Precinct caucuses are seen as a barometer of voters’ support and enthusiasm for candidates and political parties.
However, the thermometer, which registered single-digit temperatures, may have iced attendance, but showing up to caucus had its own reward, according to GOP caucus organizer Eric Rosenthal of Cedar Rapids.
“The cold is really tamping down attendance,” he said at Linn County’s unified caucuses at the Double Tree Cedar Rapids Convention Complex in downtown Cedar Rapids where residents of 86 precincts met. “If you brave the cold, you get to make the decisions.”
That wasn’t lost on the GOP candidates who showed up in force in Linn County, the second most populous county in the state. Five of six candidates for the GOP U.S. Senate nomination made their way to Linn County. Four 1st District hopefuls worked the crowd of more than 350 and a slate of legislative and county candidates were on hand to have their voices heard by the party activists.
For Democratic candidates, Linn County was not such a hot destination. Unlike the GOP Senate hopefuls, Democratic Rep. Bruce Braley of the 1st Congressional District was in his home county – Black Hawk.
And among the five 1st Congressional District Democratic hopefuls, Monica Vernon was the only one to attend a Linn County caucus. She used her three minutes of speaking time to introduce herself to people who might know her as a neighbor, a mother and a small businesswoman. She wants them to get to know her as their next congresswoman.
Although she’s been campaigning for seven months, Vernon told about 100 Democrats from several precincts at Washington High School the caucus are “the beginning, the launch” of the campaign.
The intensity of the campaigns will increase, especially in the five-way Democratic 1st District race and the six-way GOP Senate race, candidates agreed.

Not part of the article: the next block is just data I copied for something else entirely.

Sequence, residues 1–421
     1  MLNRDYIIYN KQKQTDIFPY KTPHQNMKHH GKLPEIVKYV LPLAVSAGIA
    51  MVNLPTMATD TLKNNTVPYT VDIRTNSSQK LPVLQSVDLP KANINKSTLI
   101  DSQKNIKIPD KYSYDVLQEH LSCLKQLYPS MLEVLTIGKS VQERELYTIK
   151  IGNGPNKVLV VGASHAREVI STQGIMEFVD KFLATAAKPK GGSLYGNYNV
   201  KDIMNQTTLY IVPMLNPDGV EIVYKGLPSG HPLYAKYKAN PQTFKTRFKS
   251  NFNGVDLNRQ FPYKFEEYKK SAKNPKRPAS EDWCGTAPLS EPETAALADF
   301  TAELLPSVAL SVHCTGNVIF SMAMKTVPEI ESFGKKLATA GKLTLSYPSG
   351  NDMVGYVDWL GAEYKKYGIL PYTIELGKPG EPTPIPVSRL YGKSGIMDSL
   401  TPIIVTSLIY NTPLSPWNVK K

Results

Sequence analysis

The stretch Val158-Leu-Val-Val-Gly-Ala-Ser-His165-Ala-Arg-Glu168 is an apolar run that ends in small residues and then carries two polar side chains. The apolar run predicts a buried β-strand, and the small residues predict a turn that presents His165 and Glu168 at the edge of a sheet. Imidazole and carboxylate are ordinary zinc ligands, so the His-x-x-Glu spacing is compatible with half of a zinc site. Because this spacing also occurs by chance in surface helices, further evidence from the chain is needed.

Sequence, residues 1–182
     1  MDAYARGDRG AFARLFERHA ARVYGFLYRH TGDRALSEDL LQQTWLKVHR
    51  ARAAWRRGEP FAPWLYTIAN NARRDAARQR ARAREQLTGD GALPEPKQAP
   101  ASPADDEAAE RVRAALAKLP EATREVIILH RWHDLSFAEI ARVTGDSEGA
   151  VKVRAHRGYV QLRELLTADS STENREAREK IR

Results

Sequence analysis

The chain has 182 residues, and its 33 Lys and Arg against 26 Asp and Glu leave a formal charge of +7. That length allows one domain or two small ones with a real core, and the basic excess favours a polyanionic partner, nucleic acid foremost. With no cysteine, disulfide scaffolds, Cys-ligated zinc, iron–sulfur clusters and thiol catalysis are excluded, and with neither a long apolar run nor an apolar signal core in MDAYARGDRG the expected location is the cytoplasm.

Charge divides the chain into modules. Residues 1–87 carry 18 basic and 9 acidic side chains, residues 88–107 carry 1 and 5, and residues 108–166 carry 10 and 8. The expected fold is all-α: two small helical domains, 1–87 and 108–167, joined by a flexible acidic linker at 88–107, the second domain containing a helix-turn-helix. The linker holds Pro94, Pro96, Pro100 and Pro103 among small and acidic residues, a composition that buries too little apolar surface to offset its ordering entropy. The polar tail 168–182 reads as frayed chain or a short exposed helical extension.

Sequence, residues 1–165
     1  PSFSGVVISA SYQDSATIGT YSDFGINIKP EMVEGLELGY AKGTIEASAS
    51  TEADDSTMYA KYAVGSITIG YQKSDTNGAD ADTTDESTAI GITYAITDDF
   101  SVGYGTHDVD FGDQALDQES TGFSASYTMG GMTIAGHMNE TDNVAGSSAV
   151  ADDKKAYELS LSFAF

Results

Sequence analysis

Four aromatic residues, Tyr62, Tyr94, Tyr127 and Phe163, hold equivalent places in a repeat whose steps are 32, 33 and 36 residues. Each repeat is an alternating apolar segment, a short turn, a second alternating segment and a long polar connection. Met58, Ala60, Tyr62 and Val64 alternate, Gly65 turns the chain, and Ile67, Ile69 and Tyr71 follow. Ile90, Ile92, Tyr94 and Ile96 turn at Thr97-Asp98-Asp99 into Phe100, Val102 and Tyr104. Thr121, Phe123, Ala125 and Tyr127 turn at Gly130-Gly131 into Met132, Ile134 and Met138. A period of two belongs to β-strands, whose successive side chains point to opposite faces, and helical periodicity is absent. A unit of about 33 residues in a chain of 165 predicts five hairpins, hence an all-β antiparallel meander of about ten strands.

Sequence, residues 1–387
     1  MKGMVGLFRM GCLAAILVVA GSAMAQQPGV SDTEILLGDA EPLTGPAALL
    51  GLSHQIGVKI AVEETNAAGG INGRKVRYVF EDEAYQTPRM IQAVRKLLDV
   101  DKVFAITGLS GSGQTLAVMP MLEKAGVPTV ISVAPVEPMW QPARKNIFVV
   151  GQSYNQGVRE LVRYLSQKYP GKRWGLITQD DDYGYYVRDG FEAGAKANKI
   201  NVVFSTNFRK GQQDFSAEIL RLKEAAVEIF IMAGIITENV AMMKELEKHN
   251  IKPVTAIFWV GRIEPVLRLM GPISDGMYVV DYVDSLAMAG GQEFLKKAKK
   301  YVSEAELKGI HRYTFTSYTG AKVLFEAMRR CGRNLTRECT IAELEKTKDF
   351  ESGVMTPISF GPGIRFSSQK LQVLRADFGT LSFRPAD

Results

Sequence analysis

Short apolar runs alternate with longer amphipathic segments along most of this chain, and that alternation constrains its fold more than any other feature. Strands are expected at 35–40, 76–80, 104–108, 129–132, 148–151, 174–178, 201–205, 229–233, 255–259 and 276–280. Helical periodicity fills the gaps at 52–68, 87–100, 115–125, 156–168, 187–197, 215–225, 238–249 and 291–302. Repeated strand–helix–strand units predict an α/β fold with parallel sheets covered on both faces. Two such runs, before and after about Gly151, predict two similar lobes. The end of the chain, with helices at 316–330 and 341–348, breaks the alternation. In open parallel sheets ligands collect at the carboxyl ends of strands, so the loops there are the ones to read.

“The elbows will get sharper as candidates start to engage each other,” Republican Senate hopeful Sam Clovis predicted. And with so many candidates, there is a possibility none of the candidates will get the 35 percent of the vote they need – by state law -- to win the June 3 primary outright.
“So I’m always looking for an opportunity to be in front of a large group of Republicans,” Senate hopeful Mark Jacobs said.
“This is supposed to be the largest single gathering of Republicans in the state tonight,” added Clovis.
Senate hopeful Matt Whitaker, who predicted Eastern Iowa will be “ground zero” in the Senate race, was there trying to connect with delegates who might choose the nominee if it’s not decided by the primary. He was hoping connections from his days playing football at the University of Iowa connections would give him a head start in Eastern Iowa.
Eastern Iowa is “unclaimed” territory because all of the GOP Senate hopefuls are from west of Interstate 35, one campaign staffer noted.
“Besides, this is Bruce Braley’s backyard, so we’re here to take it to him,” said state Sen. Joni Ernst, who hopes to move to the Senate in Washington.
“I’m going to get that 35 percent,” said Ernst, who explained she was in Cedar Rapids because caucus-goers are the people “who will go out and work on the campaign and tell their friends about me.”
Democrats and Republicans will have their county conventions March 8 and district conventions April 26. The GOP and Democratic state conventions will be June 14 and June 21, respectively.